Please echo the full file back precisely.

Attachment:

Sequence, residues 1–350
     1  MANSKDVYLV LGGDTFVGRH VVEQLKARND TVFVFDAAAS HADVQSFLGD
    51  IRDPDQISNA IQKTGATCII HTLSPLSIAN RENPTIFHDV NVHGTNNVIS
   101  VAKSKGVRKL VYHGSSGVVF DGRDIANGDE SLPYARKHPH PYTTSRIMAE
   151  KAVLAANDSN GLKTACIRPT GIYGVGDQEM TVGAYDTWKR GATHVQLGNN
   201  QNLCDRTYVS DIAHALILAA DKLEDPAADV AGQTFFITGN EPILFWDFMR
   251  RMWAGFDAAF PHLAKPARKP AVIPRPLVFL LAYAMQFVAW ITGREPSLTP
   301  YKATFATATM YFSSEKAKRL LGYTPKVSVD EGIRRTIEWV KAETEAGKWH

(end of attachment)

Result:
Sequence, residues 1–350
     1  MANSKDVYLV LGGDTFVGRH VVEQLKARND TVFVFDAAAS HADVQSFLGD
    51  IRDPDQISNA IQKTGATCII HTLSPLSIAN RENPTIFHDV NVHGTNNVIS
   101  VAKSKGVRKL VYHGSSGVVF DGRDIANGDE SLPYARKHPH PYTTSRIMAE
   151  KAVLAANDSN GLKTACIRPT GIYGVGDQEM TVGAYDTWKR GATHVQLGNN
   201  QNLCDRTYVS DIAHALILAA DKLEDPAADV AGQTFFITGN EPILFWDFMR
   251  RMWAGFDAAF PHLAKPARKP AVIPRPLVFL LAYAMQFVAW ITGREPSLTP
   301  YKATFATATM YFSSEKAKRL LGYTPKVSVD EGIRRTIEWV KAETEAGKWH